• 21. Baobab Health, March 2014Harry Hochheiser, harryh@pitt.edu Advice on prototypes Don’t make them pretty ! Try several head-to-head explore ideas like IDEO shopping carts…
  • 22. Baobab Health, March 2014Harry Hochheiser, harryh@pitt.edu The Prototype Paradox ● Prototypes are supposed to be throw-away, but... ● ..they tend to take on a life of their own ● Especially when presented as (possibly minimally) working software ! ● Another argument for staying with paper as long as possible
  • 23. Baobab Health, March 2014Harry Hochheiser, harryh@pitt.edu BIONF 2014 January 2014Harry Hochheiser, harryh@pitt.edu Interface Design ● Often considered an art, not a science ● Choose an interaction style ● “First, do no harm” ● Build on familiar models ● Metaphors ● Don't mess with convention ● Less is more ● Complexity is the enemy ● Get the basics right, then refine or innovate ● Don't use 3D (unless you need to)
  • 24. Baobab Health, March 2014Harry Hochheiser, harryh@pitt.edu BIONF 2014 January 2014Harry Hochheiser, harryh@pitt.edu Eight Golden Rules of Interface Design 1. Strive for consistency 2. Cater to universal usability 3. Offer informative feedback 4. Design dialogs to yield closure 5. Prevent errors 6. Permit easy reversal of actions 7. Support internal locus of control 8. Reduce short-term memory load
  • 25. Baobab Health, March 2014Harry Hochheiser, harryh@pitt.edu BIONF 2014 January 2014Harry Hochheiser, harryh@pitt.edu Consistency • Language • Yes, No, Cancel, Abort.. • Layout • Colors • Widgets
  • 26. Baobab Health, March 2014Harry Hochheiser, harryh@pitt.edu BIONF 2014 January 2014Harry Hochheiser, harryh@pitt.edu Universal usability Users of varying abilities, education, background Different computing environments… ! this is a strength of Baobab’s
  • 27. Baobab Health, March 2014Harry Hochheiser, harryh@pitt.edu BIONF 2014 January 2014Harry Hochheiser, harryh@pitt.edu Informative Feedback Make it clear when steps are done Indicate where you are in the process ANC Prescription page?
  • 28. Baobab Health, March 2014Harry Hochheiser, harryh@pitt.edu BIONF 2014 January 2014Harry Hochheiser, harryh@pitt.edu Design Dialogs to Yield Closure Process bars, completeness indicators Indications when a task is complete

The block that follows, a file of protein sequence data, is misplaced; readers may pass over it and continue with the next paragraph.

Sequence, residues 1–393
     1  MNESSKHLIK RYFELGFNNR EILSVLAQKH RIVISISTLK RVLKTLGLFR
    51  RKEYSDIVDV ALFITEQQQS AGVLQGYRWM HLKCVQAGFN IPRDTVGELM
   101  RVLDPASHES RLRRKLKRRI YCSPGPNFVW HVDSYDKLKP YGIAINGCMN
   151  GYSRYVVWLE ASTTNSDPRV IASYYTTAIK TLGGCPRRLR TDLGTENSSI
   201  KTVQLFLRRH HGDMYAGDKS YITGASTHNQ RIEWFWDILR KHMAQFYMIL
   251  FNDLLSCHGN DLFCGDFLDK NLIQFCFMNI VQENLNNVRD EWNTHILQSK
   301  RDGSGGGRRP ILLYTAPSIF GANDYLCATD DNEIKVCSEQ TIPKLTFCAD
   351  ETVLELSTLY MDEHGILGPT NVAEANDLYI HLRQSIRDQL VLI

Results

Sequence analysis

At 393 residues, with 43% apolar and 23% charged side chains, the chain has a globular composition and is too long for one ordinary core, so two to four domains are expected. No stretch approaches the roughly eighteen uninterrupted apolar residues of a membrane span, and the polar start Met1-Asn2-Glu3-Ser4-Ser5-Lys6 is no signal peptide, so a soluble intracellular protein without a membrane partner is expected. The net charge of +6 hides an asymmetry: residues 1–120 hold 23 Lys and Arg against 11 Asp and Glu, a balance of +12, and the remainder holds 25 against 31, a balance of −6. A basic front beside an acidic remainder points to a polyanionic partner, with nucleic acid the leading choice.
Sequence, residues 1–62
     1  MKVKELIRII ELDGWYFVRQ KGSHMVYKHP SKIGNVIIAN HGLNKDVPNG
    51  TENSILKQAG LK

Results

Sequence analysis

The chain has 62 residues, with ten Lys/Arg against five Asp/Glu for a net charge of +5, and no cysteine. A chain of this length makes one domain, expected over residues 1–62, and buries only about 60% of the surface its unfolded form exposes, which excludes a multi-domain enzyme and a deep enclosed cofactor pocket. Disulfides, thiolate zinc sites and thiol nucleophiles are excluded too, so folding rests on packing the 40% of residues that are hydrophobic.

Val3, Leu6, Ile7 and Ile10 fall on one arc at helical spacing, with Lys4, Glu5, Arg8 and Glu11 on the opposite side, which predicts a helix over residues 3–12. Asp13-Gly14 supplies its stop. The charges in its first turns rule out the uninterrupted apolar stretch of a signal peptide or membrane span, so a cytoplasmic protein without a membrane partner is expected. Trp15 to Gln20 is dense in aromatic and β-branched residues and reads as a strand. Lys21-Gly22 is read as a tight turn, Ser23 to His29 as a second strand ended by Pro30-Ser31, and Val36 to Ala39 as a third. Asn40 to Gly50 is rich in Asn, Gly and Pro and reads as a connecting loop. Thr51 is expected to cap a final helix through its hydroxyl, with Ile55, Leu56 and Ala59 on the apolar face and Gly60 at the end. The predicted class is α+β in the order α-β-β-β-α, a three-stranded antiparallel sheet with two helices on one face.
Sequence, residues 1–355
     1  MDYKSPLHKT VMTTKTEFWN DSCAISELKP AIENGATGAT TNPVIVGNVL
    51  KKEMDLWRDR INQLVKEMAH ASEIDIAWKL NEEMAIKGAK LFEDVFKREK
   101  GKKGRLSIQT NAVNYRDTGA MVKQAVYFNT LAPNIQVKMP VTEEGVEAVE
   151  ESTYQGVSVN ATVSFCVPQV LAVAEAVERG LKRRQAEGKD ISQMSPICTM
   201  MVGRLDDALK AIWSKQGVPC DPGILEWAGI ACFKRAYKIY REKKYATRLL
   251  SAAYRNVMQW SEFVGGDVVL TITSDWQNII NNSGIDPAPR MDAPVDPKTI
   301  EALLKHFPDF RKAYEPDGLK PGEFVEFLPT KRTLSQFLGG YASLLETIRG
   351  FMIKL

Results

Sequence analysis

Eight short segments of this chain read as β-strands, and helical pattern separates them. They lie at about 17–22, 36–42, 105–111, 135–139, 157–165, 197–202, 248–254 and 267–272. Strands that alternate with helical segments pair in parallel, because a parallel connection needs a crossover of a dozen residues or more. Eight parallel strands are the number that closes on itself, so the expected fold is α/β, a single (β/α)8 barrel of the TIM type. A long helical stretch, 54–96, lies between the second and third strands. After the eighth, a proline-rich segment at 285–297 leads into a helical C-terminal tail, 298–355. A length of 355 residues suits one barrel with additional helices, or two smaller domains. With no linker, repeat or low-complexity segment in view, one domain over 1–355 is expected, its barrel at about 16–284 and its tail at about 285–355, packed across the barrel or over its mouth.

• 29. Baobab Health, March 2014Harry Hochheiser, harryh@pitt.edu BIONF 2014 January 2014Harry Hochheiser, harryh@pitt.edu Prevent Errors Better to prevent than to recover ! Again, a strength at Baobab
  • 30. Baobab Health, March 2014Harry Hochheiser, harryh@pitt.edu BIONF 2014 January 2014Harry Hochheiser, harryh@pitt.edu Permit easy reversal of actions • “Back” or “Undo” button ! • Note feedback guideline - very important here
  • 31. Baobab Health, March 2014Harry Hochheiser, harryh@pitt.edu BIONF 2014 January 2014Harry Hochheiser, harryh@pitt.edu Support internal locus of control • System doesn’t take over ! • “The computer will reboot in…”
  • 32. Baobab Health, March 2014Harry Hochheiser, harryh@pitt.edu BIONF 2014 January 2014Harry Hochheiser, harryh@pitt.edu Reduce short-term memory load • Don’t force users to remember what they’ve done • Related to other rules: • Offer informative feedback • Design dialogs to yield closure • Prevent errors • ANC: synopsis of user status at top of screen? • dialog that blocks screen content?
  • 33. Baobab Health, March 2014Harry Hochheiser, harryh@pitt.edu BIONF 2014 January 2014Harry Hochheiser, harryh@pitt.edu Contextual Design and Agile Development ● The Agile Manifesto (www.agilemanifesto.org) ● Our highest priority is to satisfy the customer through early and continuous delivery of valuable software. ● Welcome changing requirements, even late in development. Agile processes harness change for the customer's competitive advantage. ● Deliver working software frequently, from a couple of weeks to a couple of months, with a preference to the shorter timescale. ● Business people and developers must work together daily throughout the project. ● Build projects around motivated individuals. Give them the environment and support they need, and trust them to get the job done.
  • 34. Baobab Health, March 2014Harry Hochheiser, harryh@pitt.edu BIONF 2014 January 2014Harry Hochheiser, harryh@pitt.edu Contextual Design and Agile Development ● The Agile Manifesto (www.agilemanifesto.org) ● The most efficient and effective method of conveying information to and within a development team is face-to-face conversation. ● Working software is the primary measure of progress. ● Agile processes promote sustainable development. ● The sponsors, developers, and users should be able to maintain a constant pace indefinitely. ● Continuous attention to technical excellence and good design enhances agility. ● Simplicity--the art of maximizing the amount of work not done--is essential. ● The best architectures, requirements, and designs emerge from self-organizing teams. ● At regular intervals, the team reflects on how to become more effective, then tunes and adjusts its behavior accordingly.
  • 35. Baobab Health, March 2014Harry Hochheiser, harryh@pitt.edu Design Challenges • Mini design sprints • 3 problems, 30 minutes each • 2-3 groups each problem • Design a solution • Storyboards • Paper prototypes • Flowchart • …etc.
  • 36. Baobab Health, March 2014Harry Hochheiser, harryh@pitt.edu Design Challenge 1 • Client sign in and hand-off to counselor
  • 37. Baobab Health, March 2014Harry Hochheiser, harryh@pitt.edu Design challenge 2 • Counselor referral of client for treatment • subsequent follow-up?
  • 38. Baobab Health, March 2014Harry Hochheiser, harryh@pitt.edu Design challenge 3 • Registration desk and counselors managing load and referring clients who can’t be seen on a given day.
  • 39. Baobab Health, March 2014Harry Hochheiser, harryh@pitt.edu Presenting and critiquing ideas? • What problem were you trying to solve? • Strong points? • Weak points? • Based on • models from interviews, including questions and observations • Design guidelines • Cognitive issues • Holes in designs? Holes in our understanding?